A lachrymose start to my day. Was just getting out of the shower this morning when I heard a tiny knock at my door. Throwing on my bathrobe, I ran to answer, discovering my nine year old neighbor (a friend of my daughters), holding out a little envelope to me.
"This is for you, for Father's Day," she said, pedaling off on her bike after I took it from her.
"Ohhhh... thank you so much, sweetie!" I called out to her as she rode away, looking back to make sure I had the gift in my hand.
After closing the door, I looked at the envelope, "from Dani" and "To: Jim" written on the back in a tenuous, second-grader scrawl. Opening it, a carefully folded sheet of stationery, the same scrawl reading:
"To: Jim From: Dani," underlined and then, printed below, "happy Father Day I wish you have a fun Father Day Jim your nice and funny." Beneath it all, a smiley face drawn, speaking of the breadth and width of a nine year old's heart.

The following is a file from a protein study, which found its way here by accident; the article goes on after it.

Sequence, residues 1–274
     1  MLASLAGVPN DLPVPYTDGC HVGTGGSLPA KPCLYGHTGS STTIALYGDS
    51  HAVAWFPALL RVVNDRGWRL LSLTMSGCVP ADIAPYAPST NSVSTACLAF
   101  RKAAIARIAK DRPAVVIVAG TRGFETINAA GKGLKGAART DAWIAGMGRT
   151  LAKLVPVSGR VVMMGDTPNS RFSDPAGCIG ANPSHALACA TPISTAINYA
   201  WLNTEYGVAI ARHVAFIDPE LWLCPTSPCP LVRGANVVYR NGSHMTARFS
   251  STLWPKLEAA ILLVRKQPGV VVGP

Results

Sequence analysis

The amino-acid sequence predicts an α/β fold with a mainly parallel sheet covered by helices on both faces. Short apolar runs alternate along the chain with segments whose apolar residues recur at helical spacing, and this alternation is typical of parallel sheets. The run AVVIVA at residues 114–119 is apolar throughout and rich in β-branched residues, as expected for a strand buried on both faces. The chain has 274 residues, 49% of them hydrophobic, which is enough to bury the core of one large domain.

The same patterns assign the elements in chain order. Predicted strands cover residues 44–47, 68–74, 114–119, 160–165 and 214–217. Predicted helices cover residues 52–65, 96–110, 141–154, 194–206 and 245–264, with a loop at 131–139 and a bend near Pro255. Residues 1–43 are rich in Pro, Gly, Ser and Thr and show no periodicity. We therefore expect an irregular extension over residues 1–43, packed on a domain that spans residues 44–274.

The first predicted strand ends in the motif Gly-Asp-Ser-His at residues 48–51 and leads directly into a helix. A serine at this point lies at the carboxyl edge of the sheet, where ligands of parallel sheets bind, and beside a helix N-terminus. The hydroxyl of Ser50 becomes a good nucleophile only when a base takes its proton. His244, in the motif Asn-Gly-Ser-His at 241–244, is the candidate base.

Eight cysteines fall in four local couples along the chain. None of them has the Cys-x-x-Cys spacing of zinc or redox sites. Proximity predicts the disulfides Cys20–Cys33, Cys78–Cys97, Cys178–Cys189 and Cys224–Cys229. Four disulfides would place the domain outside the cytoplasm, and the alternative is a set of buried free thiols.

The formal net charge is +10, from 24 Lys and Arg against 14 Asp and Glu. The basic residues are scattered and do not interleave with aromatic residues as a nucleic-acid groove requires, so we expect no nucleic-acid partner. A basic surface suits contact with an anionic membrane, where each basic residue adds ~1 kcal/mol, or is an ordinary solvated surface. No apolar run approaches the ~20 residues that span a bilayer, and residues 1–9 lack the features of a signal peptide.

I cried. Not in that in neurotic, maudlin Glenn Beck way but with a genuine flood of emotion. Missing my children, of course, but mostly touched by the fact that my little neighbor remembered that my kids were 200 miles away and that I was alone today.
It's just after 3 P.M. and it's already beer-thirty for me. Hammering out this week's column, a piece on building a house and a Lego-like approach to my novel, I am incapable of drawing upon even a scintilla of snark or cynicism -- it escapes me.
The bittersweet atmosphere made sweeter and less bitter by the light tap at my door this morning.
Thank you, Dani, more than you know.